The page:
Before the Surge

To follow up a little bit on my post from Tuesday, it’s already obvious that “the Surge” has become a sort of political shorthand that means different things for different people. I was using it as shorthand for the political message it sent to the various Iraqi factions, namely that American forces would have to factored into the cost-benefit analysis of armed conflict so long as President Bush was in office.

The problem of assigning causality, of course, is that the decision to increase troop strength in Baghdad didn’t happen in a vacuum, but rather in the aftermath of the November 2006 Congressional elections, which signalled that while President Bush was still obstinate about remaining in Iraq, the American people was not. It’s a point I made here, in noting that Iraqi civilian casualties actually began falling in November 2006, before the Surge was announced, and which Iraqologist over at Abu Muqawama made here yesterday:

For clarity’s sake, we should understand that the surge–meaning the increase in troops and adoption of a viable counterinsurgency strategy–was only one, and perhaps not even the most important, element in the reduction of violence. By late 2006, it had become clear that the US public and US leaders and policy-makers had run out of patience in Iraq. By that point, large-scale withdrawal of US forces from Iraq had become a serious, immediate possibility. It’s hard to know for sure how much this development actually played a role in Iraq and the region. Nonetheless, it’s quite plausible that the growing impatience in the US, coupled with nightmarish violence across Iraq, led to a change in a number of actors’ calculi about the need to damage the US and pursue their own narrow advantages on the one hand, versus the desirability of making pragmatic changes and compromises toward a basically livable, self-sustaining stability on the other.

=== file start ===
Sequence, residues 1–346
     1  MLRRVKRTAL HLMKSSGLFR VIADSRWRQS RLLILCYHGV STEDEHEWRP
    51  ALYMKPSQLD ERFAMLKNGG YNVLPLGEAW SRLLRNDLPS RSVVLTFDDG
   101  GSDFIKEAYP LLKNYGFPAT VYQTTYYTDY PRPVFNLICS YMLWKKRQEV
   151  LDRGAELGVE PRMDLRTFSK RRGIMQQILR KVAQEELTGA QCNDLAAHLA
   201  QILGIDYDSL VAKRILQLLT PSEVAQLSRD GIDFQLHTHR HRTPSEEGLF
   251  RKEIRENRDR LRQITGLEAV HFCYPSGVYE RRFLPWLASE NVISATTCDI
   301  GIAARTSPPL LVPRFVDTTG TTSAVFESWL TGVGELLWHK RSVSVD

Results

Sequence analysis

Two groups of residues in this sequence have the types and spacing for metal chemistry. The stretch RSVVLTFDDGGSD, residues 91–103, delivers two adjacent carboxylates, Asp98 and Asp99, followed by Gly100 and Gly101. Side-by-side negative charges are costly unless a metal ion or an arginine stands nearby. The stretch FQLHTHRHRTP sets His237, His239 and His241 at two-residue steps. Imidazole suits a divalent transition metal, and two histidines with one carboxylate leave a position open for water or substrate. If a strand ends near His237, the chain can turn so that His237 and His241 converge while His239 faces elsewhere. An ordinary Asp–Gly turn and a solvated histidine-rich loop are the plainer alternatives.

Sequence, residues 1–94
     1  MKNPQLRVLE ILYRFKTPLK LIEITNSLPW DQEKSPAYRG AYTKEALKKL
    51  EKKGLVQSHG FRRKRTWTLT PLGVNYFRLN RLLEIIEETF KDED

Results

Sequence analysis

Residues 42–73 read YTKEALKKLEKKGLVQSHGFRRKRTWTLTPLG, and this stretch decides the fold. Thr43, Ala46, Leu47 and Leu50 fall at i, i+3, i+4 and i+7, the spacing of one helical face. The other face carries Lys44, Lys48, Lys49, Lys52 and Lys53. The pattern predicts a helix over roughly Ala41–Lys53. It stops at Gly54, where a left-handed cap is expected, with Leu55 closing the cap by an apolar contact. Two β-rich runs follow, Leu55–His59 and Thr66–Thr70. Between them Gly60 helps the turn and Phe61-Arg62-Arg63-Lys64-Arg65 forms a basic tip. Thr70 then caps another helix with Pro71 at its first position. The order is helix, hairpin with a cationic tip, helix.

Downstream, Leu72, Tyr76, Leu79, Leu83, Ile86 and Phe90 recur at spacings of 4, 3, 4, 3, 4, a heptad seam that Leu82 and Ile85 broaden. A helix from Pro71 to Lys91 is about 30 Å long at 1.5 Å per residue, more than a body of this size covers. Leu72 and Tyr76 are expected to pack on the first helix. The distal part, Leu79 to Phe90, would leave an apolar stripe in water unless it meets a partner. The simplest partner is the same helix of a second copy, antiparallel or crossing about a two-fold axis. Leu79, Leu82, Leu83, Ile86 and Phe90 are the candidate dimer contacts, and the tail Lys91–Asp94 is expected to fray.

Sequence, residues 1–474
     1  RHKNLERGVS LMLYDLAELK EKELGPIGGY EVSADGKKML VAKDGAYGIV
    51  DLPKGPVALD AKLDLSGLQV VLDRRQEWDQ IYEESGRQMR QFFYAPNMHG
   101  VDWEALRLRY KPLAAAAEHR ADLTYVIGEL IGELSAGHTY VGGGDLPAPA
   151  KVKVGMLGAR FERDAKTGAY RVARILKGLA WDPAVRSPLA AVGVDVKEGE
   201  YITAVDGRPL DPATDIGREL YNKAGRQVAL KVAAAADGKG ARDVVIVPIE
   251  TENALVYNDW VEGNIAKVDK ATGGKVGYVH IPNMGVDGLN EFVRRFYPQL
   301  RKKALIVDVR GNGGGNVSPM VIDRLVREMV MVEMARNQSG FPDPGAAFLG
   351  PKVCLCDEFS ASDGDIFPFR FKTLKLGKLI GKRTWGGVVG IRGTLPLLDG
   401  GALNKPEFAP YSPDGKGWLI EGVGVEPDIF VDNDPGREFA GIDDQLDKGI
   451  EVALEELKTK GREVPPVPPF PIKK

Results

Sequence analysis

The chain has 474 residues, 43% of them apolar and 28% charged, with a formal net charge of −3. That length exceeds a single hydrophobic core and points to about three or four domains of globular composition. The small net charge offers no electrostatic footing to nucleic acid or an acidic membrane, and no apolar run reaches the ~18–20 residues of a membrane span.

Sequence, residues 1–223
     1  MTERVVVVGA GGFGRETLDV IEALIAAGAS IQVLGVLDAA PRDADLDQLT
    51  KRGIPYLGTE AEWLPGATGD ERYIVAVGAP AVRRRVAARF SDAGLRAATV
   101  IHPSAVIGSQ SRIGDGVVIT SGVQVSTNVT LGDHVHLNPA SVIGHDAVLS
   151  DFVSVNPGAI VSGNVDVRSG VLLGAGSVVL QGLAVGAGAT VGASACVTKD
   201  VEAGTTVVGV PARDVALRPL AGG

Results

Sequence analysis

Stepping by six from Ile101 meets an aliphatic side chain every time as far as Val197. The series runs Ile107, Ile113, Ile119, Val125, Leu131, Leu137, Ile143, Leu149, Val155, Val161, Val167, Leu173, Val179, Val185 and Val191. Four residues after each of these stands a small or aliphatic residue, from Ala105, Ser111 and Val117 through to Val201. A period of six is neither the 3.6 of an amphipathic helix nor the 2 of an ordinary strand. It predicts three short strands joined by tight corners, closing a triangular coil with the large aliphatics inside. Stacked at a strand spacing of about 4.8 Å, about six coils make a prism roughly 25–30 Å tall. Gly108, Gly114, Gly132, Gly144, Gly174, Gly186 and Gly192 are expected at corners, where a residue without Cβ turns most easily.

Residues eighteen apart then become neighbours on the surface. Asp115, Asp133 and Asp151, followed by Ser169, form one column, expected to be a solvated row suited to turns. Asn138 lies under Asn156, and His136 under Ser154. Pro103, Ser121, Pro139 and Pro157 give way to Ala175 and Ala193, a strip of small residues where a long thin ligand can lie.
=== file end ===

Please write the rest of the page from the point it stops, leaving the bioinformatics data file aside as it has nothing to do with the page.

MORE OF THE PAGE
It’s impossible to draw a causal relationship between one or the other of the two political signals with any degree of precision, all the more so since both were preceded by the impact of the Anbar Awakening, and followed by the actual operational impact of Gen. Petraeus’ counter-insurgency tactics. In all likelihood, they functioned as complements to each other, and might bear out the hypothesis that for all its bitter and divisive tone, the American political deadlock over the issue just might have proven effective by amounting to a show of resolve backed by the threat of withdrawal.

It’s important to remember, though, that the improvements in Iraq since November 2006 (or January 2007) in no way bear out the argument that we’ve “won” the Iraq War, nor do they undermine the argument that the war was a strategic catastrophe for American interests in the region. My point about how the Surge changed the optics of leaving Iraq in terms of the American military’s coercive reputation still stands. But that was only at stake because of the decision to invade and the failure to realistically plan for the ensuing occupation. A stable, U.S.-aligned Iraq is just one of many possible outcomes at this point, and it is both uncertain and remote.